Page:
Sector will come under general provisions of legislation

IT and IT-enabled service (ITeS) companies in the State have been asked to submit drafts of their Industrial Employment Standing Orders by December 31, according to a government notification on Tuesday.

The notification, however, extends the exemption for IT and biotechnology companies from the general provisions of labour legislation that govern workplaces employing more than 50 workers, to March 31, 2013. These companies, which have been enjoying such exemption since 1999, had lobbied for a 10-year extension when it ended in August 2011.

Karnataka is the only State that had granted such an exemption to this sector. The Industrial Employment (Standing Orders) Act 1946 requires employers to define and inform workers the terms and conditions of employment on their premises. 

I.B.N. Prasad, Principal Secretary, Department of Information Technology, Biotechnology and Science and Technology, told The Hindu that the issue of a blanket exemption is a closed chapter. Instead, he said, IT companies will now, over the next three months, work with the Labour Department to come up with the “right kind of standing orders that are suitable to the requirements of this industry”. He added that this will be finalised by March.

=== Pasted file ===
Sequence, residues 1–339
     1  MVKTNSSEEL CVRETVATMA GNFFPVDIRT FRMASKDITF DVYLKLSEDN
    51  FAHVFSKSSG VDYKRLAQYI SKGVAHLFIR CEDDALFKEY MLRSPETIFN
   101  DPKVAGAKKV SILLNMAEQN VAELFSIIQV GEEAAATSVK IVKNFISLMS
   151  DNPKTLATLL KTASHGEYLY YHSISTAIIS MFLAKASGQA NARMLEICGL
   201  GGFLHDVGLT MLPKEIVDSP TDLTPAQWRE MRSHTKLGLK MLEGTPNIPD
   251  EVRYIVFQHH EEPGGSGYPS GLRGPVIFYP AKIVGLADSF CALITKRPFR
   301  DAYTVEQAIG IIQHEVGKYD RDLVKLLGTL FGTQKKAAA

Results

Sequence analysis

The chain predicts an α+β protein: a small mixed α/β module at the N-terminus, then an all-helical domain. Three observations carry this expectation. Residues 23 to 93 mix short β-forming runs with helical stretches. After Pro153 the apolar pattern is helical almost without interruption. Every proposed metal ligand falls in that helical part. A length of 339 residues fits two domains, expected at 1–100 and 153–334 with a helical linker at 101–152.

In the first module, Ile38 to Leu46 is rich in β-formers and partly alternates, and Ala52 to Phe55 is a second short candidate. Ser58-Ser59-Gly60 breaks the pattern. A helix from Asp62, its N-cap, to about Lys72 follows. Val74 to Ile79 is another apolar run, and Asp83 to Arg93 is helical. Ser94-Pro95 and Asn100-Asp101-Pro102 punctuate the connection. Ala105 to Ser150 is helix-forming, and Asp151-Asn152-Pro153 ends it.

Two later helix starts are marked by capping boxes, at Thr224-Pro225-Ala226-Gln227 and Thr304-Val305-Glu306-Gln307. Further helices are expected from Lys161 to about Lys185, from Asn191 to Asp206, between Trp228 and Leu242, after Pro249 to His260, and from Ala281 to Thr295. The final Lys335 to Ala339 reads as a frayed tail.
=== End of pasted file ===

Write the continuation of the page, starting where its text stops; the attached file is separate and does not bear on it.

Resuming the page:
The idea is to have exclusive standing orders for three kinds of industry verticals: business process outsourcing (BPO) companies, software firms and hardware companies.

“We explained to the industry that the department is not against them, but there is a need to follow benchmarks and rules. This will help define employee-employer relations better,” Mr. Prasad said.

The IT Vision Group, led by Infosys Executive Co-Chairman S. Gopalakrishnan, and other industry bodies such as NASSCOM, ISA (Indian Semiconductor Association) and MAIT (Manufacturers’ Association of IT) will be on board. He pointed out that the same companies were working without any exemptions in other cities such as Gurgaon and Hyderabad.

J.T. Jinkalappa, Joint Labour Commissioner, described the recent order as a “conditional extension” of the deadline to submit a model draft of the standing orders for approval by the Labour Department.

Though the standing orders have nothing to do with the “right to unionise”, industry representatives are worried about the clause that requires an employee, or his representative, to sign the standing orders. “This provision has nothing to do with unions. The idea is to ensure that employees know about this document,” an official said.

When contacted, a NASSCOM spokesperson said that it has held talks with the State government to seek an extension of the exemption from the Industrial Employment (Standing Orders) Act.

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